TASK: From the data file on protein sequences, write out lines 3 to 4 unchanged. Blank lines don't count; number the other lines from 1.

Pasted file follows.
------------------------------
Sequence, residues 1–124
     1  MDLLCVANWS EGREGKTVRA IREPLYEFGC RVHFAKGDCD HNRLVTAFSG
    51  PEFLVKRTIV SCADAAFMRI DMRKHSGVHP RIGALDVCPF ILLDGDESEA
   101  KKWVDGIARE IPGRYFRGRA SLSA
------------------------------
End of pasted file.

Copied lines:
    51  PEFLVKRTIV SCADAAFMRI DMRKHSGVHP RIGALDVCPF ILLDGDESEA
   101  KKWVDGIARE IPGRYFRGRA SLSA